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Jim is a husband of more than 27 years, father of four home-schooled sons (26, 23, 16 and 14), engineer delighting in virtually all things technical, with more than a passing interest in history, religions, arts, most sciences (particularly physics) and skepticism.

Comments (3)

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  1. Erich Vieth says:

    I'm wondering how far his can be extended. Joe sees a television news story of a bus that went off a cliff and killed 30 students. The accident happened in:

    A) Joe's own state. ("Oh, no!" he proclaims. "This is terrible." Even though he doesn't know any of the victims, Joe attends the candlelight vigil and donates $100 to a fund to help the victim's families).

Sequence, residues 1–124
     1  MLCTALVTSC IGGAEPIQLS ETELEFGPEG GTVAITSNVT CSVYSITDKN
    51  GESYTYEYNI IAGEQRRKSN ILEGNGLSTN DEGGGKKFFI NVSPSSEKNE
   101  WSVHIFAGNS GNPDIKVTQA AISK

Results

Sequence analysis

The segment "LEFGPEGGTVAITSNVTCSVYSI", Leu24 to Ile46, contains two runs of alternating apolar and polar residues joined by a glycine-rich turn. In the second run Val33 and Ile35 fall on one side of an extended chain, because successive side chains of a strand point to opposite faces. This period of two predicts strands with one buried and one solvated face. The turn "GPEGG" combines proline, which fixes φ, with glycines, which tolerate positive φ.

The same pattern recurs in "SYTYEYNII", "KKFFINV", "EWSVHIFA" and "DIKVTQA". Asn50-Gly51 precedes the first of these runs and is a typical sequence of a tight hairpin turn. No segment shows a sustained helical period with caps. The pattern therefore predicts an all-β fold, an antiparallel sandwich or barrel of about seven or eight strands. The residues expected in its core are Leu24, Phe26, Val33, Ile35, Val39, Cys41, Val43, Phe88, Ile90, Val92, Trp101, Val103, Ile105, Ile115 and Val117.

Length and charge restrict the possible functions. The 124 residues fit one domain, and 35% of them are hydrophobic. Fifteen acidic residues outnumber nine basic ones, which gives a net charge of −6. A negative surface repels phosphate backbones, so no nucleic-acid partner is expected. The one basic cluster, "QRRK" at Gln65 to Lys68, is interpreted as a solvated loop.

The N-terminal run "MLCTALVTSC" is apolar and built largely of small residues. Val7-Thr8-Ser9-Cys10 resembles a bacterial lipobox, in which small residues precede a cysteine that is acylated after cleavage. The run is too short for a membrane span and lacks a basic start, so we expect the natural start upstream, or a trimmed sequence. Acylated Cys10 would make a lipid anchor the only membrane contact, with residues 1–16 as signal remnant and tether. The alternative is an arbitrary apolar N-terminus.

B) A state a few hundred miles from Joe's state. (He mutters "That's terrible" and shakes his head. He thinks about it again that night.)

    C) Near Lima Peru (Joe pays almost no attention to the story. He says to his wife, "I hear that it's going to rain tomorrow." )

    These experiments remind me of the immense power of subconscious power of ingroups and outgroups. http://dangerousintersection.org/2006/12/12/ingro

  2. Friends and neighbors insulate. Proximity elevates. Knowledge accentuates. Distance isolates.

    It seems to me that risk, perceived or real, motivates in comparision to one's ability or inclincation to act on it from fear, security, convenience or empathy. Having the knowledge of a thing doesn't necessitate action nor should it (parallel recent discussions on DI re: atonement, Guantanamo, fiscal disasters that compare knowledge and action).